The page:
Grameenphone in Bangladesh was established in 1997 and is now the leading provider of mobile
communications services in Bangladesh. As at 31 March 2009, Telenor holds 62% of the shares in
Grameenphone, while the remaining 38% of the shares are held by Grameen Telecom. In addition to
core voice services, Grameenphone offers a number of value-added services, in each case on both a
contract and prepaid basis. Value-added services include voice messaging services, SMS, MMS, ring-
back tones and data services through EDGE/GPRS. Grameenphone’s services have some of the
most advanced and up-to-date features in the Bangladeshi market. For example, Grameenphone was
the first Bangladeshi mobile operator to launch WAP in 2001 and EDGE service in 2005. In 2006,
Grameenphone introduced HealthLine, a 24 hour medical call centre manned by licensed physicians,
and BillPay, which allows utility bill payments to be made by mobile phone. Grameenphone has also
introduced CellBazaar, a service that allows people to buy or sell items over mobile phone.
Grameenphone has established more than 550 Community Information Centres which aim to bring
affordable Internet access and other information-based services to people in rural areas of
Bangladesh. In early 2009 Grameenphone introduced branded plug and play USB Internet access
modems. Grameenphone won the GSMA Global Mobile Award for “Best use of Mobile for Social and
Economic Development” for its HealthLine and CellBazaar services.
As at 31 March 2009, Grameenphone had 21.1 million subscriptions. As at 31 March 2009 the mobile
penetration and number of inhabitants in Bangladesh were 30% and 150 million, respectively.
On 11 December 2008, Grameenphone filed its application for an initial public offering of USD 65
million with the Securities and Exchange Commission (SEC) in Bangladesh.
Network and licences
Grameenphone holds both GSM 900 MHz and GSM 1800 MHz spectrum, which are scheduled for
renewal in 2011. Meanwhile, the Bangladesh Telecommunication Regulatory Commission (the BTRC)
is actively working to issue 3G licences in Bangladesh during 2009. Grameenphone has the largest
network with the widest coverage in Bangladesh and the entire network is EDGE/GPRS enabled. The
Grameenphone network currently covers almost the entire population of the country.
As at 31 March 2009, Grameenphone had a SIM card market share of 46%. In addition to
Grameenphone, there are five other mobile operators in Bangladesh. These operators and their
market share according to the BTRC data as at 31 March 2009 are: Banglalink (with a market share of
24%), Aktel (with a market share of 19%), Warid (with a market share of 5%), Citycell (with a market
share of 4%) and Teletalk (with a market share of 2%). The intense competition between these
operators led to a significant price decline during 2007.
The BTRC was established under the Bangladesh Telecommunication Act as an independent
regulator. In Bangladesh, subscribers have to pay duty and Value Added Tax on SIM cards and
mobile handsets. Currently, the SIM card tax, which applies to the sale of SIM cards, is BDT 800 per
SIM card. The import duty for mobile handsets is BDT 300. All mobile operators in the country must
pay an annual licence of BDT 50 million, quarterly network spectrum charges as fixed by the BTRC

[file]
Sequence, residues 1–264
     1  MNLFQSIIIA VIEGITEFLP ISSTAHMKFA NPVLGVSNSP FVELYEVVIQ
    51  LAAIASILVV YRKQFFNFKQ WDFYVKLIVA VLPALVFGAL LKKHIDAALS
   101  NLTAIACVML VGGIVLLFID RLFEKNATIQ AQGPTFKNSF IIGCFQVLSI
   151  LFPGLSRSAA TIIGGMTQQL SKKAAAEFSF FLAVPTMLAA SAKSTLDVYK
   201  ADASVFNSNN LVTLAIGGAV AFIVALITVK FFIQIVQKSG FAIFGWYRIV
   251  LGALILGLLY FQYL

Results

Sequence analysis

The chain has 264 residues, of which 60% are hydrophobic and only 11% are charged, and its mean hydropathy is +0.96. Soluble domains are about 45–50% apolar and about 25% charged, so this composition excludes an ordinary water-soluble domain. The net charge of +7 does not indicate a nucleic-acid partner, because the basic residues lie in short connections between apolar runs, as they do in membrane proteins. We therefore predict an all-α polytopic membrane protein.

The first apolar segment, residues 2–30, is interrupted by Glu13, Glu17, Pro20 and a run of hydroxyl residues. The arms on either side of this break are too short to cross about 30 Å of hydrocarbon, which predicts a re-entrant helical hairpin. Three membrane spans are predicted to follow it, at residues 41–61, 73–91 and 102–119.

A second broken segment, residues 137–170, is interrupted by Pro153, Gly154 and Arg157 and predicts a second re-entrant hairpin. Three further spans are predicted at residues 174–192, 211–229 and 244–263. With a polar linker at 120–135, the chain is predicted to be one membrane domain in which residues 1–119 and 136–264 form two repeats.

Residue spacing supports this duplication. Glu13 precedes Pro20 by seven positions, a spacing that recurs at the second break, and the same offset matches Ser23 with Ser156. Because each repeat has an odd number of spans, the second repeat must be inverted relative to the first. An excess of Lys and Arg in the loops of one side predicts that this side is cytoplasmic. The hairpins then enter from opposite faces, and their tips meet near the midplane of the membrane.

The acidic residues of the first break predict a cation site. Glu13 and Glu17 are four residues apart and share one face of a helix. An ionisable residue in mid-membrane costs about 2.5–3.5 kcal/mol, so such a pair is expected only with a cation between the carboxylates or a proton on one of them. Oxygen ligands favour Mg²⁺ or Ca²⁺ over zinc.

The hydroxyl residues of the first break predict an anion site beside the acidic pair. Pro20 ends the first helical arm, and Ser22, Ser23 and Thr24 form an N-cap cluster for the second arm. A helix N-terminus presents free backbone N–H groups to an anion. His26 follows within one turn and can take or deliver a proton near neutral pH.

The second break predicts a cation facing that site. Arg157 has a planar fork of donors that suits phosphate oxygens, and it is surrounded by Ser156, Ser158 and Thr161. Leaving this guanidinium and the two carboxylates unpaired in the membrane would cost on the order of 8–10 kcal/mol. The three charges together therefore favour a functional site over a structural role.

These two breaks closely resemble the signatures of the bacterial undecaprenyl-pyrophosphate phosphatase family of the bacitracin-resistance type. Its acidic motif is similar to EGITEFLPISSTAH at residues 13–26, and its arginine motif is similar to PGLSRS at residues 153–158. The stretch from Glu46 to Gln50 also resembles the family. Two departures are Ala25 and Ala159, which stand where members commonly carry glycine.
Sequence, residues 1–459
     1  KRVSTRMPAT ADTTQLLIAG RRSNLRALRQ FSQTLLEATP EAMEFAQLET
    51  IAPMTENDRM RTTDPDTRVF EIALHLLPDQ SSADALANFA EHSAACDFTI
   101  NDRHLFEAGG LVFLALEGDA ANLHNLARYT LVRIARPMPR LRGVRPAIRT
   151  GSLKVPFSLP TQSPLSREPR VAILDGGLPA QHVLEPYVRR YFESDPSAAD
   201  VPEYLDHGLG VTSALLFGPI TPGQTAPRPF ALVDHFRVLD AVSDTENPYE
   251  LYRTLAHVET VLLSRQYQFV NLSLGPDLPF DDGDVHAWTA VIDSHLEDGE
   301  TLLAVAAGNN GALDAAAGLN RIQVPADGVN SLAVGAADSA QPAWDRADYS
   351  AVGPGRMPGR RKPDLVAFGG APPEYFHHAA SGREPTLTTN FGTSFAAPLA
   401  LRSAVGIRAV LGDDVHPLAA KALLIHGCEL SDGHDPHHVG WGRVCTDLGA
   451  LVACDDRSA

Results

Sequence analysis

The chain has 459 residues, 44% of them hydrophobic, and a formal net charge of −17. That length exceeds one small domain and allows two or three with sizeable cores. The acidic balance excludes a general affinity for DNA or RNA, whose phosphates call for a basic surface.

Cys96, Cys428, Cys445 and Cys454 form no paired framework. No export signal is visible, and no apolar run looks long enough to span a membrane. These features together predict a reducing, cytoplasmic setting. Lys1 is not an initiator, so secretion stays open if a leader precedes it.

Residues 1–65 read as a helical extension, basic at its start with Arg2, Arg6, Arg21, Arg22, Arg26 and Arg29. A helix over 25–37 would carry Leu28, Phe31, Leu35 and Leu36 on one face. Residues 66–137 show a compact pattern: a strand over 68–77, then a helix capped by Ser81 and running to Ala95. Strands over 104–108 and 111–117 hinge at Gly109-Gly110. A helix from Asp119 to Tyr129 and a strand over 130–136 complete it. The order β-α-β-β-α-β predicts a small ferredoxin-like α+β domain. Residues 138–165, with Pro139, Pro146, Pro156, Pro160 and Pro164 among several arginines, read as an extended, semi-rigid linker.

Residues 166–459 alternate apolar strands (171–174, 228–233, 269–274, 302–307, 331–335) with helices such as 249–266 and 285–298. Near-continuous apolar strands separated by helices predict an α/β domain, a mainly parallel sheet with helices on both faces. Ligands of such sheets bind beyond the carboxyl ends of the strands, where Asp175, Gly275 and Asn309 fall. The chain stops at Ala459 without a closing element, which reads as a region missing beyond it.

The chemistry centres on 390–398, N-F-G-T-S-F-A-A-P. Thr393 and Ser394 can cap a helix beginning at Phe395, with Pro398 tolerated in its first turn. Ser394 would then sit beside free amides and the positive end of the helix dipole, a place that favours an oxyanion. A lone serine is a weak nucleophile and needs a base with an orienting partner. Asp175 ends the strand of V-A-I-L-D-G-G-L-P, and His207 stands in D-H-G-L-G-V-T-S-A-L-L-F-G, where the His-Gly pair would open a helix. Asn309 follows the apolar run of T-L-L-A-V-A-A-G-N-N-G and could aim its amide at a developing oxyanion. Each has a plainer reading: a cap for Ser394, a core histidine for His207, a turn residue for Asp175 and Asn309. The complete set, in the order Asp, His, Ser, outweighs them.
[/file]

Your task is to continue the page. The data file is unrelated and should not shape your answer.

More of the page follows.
and a revenue share of 5.5% on collected line rental, call charges, value added services and other
Effective 1 October 2007, the BTRC introduced an amended interconnection regime of a flat rate of
BDT 0.40/min reducing from BDT 0.66/min for all mobile and PSTN operators (except the Bangladeshi
government owned PSTN operator, BTTB). Under the supervision of the BTRC, the domestic
interconnection calls will be operated through Interconnection Exchange companies (ICX). The state-
owned fixed line operator, the Bangladesh Telephone Company Limited, also received an ICX licence.
The ICXs receive 10% of the interconnection charges. In addition, on 26 July 2007, BTRC circulated
an interim directive on tariff and marketing promotion for all mobile operators. This directive imposes
restrictions on tariff structures by defining a “tariff circuit” and sets a standard duration for promotional
offers. The order also instructed mobile operators to maintain a uniform tariff in a package
disregarding geographic location. BTRC has recently enforced a 50% reduction in interconnection
access charges without any prior consultation with the industry. Under the new directive, for each out
going call, operators will have to pay BDT 0.22 per minute, (of which BDT 0.18 is payable to other
operators and BDT 0.04 to ICXs) and will receive BDT 0.18 per minute for each incoming call,
irrespective of peak and off-peak hour. The new interconnection charge was in effect from 26 March
On 8 September 2008, the BTRC issued guidelines regarding infrastructure sharing. According to the
guidelines operators shall enter into agreements to share infrastructure and shall provide access to
their own infrastructure to other operators on a non discriminatory “first come, first served” basis.
Tariffs and charges for infrastructure sharing shall be mutually agreed based on directives issued or to
be issued by the BTRC. In the event of any dispute regarding the infrastructure sharing tariffs and
charges, the decision of the BTRC shall be final and binding upon the parties. The guidelines also
regulate the right of operators to build optical/wired backbone transmission networks.